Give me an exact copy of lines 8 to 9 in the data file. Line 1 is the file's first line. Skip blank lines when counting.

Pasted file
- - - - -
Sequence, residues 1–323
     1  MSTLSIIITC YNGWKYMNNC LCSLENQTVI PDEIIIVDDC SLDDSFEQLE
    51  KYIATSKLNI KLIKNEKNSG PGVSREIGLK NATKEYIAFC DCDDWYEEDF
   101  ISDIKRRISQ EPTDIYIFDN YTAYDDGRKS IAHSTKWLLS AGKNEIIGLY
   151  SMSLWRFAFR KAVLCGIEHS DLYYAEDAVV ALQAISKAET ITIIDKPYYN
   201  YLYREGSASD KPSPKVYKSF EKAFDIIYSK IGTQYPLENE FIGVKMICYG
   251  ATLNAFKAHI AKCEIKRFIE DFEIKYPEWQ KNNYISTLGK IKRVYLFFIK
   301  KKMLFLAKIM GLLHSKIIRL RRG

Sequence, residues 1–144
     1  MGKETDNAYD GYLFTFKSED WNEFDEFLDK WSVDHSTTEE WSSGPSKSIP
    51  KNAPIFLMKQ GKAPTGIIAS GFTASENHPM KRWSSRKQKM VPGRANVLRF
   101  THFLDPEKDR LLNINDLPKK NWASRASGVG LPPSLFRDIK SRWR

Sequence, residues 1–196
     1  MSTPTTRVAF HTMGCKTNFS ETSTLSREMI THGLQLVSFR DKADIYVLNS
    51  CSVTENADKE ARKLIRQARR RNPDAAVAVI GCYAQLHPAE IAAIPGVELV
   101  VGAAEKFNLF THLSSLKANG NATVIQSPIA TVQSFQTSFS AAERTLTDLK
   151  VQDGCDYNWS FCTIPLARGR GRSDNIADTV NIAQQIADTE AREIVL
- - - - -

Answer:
   301  KKMLFLAKIM GLLHSKIIRL RRG

Sequence, residues 1–144